Eating in Ethiopia: Ben Abeba restaurant

Ben Abeba restaurant

Susan Aitchison had left her native Glasgow, in Scotland, and come to Ethiopia for three years to help a friend set up a school.

She lived in Lalibela, 35km from the remote school site, as the village has no water or electricity. A local man got the contract to drive her there and back.

And when it came close to leaving, she says: "I was going back to Scotland to be an old age pensioner. All I could see ahead was daytime television and my knees eventually packing up".

The driver, Habtamu Bayu, had told her that his dream was to open a small, simple restaurant in Lalibela, so rather than go back to Scotland, she suggested they go into the restaurant … though it turned out not to be small and simple.

Ben Abeba is big and spectacular.

Lalibela is the world famous site of rock-hewn churches carved into the mountains, designed as the new Jerusalem -Ethiopia accepted Christianity as its national religion in 340AD.

They eventually found a spectacular spot on the end of a high promontory, leased it from the government, and got two young Ethiopian architects to design Ben Abeba restaurant - somewhere between a cooking pot and a bouquet of flowers, with big, open dining areas taking the most advantage of the view.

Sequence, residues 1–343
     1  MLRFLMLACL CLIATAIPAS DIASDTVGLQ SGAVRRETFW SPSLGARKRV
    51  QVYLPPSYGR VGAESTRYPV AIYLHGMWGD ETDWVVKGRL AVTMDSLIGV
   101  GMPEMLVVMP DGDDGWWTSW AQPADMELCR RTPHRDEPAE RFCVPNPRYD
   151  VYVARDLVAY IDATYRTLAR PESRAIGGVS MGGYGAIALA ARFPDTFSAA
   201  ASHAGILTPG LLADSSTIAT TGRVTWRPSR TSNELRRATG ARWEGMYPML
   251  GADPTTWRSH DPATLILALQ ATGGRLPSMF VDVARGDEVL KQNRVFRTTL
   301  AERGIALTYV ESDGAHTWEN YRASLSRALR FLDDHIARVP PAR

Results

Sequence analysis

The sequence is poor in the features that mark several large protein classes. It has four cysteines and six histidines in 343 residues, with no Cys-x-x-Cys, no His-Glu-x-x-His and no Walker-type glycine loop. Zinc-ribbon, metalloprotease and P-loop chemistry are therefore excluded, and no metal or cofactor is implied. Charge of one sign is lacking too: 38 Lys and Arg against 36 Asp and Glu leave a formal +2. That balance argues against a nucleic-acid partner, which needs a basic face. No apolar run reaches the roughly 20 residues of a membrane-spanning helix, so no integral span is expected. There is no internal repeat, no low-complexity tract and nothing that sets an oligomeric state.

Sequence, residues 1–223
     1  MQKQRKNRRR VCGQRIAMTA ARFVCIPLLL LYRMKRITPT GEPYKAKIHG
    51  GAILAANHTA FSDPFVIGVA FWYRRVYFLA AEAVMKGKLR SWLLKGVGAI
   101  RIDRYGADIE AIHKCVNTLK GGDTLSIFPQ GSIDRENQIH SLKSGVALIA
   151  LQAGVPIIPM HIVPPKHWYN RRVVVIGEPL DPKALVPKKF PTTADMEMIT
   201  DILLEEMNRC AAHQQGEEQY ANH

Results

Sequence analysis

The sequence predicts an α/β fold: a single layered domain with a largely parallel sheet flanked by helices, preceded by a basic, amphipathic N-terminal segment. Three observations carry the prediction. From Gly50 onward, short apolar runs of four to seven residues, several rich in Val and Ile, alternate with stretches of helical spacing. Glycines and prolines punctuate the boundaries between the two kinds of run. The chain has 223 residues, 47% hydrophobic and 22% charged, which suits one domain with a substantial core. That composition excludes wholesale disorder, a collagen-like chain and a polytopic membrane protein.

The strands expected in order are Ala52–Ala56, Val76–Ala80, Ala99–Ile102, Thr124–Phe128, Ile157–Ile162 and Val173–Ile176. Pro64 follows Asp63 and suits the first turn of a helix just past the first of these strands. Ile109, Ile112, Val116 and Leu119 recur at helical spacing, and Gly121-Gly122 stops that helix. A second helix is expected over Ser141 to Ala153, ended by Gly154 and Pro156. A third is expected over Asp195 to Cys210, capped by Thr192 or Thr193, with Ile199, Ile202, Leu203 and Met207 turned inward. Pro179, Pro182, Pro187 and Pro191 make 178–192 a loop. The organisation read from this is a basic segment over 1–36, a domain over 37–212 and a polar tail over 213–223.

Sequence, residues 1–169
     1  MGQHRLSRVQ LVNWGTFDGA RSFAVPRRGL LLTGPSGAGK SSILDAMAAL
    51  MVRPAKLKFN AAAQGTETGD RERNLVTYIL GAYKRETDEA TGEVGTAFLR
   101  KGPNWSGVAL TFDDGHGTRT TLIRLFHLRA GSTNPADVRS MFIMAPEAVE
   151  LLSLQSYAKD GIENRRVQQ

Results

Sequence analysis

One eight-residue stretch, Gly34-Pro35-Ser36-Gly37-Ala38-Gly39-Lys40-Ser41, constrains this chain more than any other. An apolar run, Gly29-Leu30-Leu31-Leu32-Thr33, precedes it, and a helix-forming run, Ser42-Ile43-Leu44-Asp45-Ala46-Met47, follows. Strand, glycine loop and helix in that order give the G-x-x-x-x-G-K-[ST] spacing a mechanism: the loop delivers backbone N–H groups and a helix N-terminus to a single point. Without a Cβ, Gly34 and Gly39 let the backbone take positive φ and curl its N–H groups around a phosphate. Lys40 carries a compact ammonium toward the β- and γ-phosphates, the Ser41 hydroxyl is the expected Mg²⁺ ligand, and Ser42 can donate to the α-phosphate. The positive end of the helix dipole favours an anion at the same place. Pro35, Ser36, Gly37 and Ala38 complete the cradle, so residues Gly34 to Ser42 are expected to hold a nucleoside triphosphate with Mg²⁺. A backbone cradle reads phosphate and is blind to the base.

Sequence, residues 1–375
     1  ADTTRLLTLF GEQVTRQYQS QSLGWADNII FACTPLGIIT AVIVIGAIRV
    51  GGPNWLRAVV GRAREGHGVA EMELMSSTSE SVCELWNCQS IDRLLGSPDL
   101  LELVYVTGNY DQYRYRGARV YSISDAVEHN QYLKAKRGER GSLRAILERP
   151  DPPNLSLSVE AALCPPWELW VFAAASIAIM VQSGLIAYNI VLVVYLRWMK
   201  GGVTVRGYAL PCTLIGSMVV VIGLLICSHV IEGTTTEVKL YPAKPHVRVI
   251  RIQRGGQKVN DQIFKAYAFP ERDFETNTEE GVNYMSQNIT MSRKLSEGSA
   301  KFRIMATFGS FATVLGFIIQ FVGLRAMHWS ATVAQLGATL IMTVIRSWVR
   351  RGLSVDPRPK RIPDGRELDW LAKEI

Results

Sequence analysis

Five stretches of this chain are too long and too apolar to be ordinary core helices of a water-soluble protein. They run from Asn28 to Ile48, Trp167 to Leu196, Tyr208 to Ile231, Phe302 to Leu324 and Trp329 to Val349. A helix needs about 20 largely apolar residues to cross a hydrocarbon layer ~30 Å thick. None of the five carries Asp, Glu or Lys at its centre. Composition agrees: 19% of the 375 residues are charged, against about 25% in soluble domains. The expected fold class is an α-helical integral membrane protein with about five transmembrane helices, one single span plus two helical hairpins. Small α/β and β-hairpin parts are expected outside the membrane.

They now employ and train some 40 young locals. Susan says the oldest is 28.

The restaurant opened two and a half years ago - about the same time as The Four Sisters.

Susan says that when Ben Abeba opened it was rated Ethiopia's best restaurant on the world's biggest rating website, with The Four Sisters number two.

"Then we went to number two and they went to number one."

It's a friendly rivalry, the two restaurants complimenting one another, and showing the quality Ethiopian dining can achieve.

"We both do it very well, but differently," says Susan.


Days in Ethiopia are part of Travel Directors' African Dawn tour - a 28-day journey through Uganda, Rwanda and Ethiopia from January 4 to January 31, 2015. It's a mix of diverse experiences and sights, from Lake Victoria and the source of the Nile in Uganda, to the rare mountain gorillas of Rwanda and on to Ethiopia - the cradle of civilisation. It is $18,880 per person, twin share, and single supplement is $3250 per person. The cost includes economy class international airfares, all internal flights in Africa, accommodation, meals, Travel Directors tour leader and local guides, entrance fees, the US$750 permit to visit mountain gorillas in Rwanda, visas. 9242 4200 and

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